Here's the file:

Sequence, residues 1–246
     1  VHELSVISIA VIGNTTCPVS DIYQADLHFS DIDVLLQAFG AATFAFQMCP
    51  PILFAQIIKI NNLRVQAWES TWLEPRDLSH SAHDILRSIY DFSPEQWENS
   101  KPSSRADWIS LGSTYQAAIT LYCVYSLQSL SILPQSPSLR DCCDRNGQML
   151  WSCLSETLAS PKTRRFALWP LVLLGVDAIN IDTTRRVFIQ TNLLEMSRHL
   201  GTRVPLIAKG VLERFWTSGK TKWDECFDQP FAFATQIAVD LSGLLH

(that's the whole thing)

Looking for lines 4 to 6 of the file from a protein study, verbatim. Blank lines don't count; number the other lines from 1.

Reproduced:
   101  KPSSRADWIS LGSTYQAAIT LYCVYSLQSL SILPQSPSLR DCCDRNGQML
   151  WSCLSETLAS PKTRRFALWP LVLLGVDAIN IDTTRRVFIQ TNLLEMSRHL
   201  GTRVPLIAKG VLERFWTSGK TKWDECFDQP FAFATQIAVD LSGLLH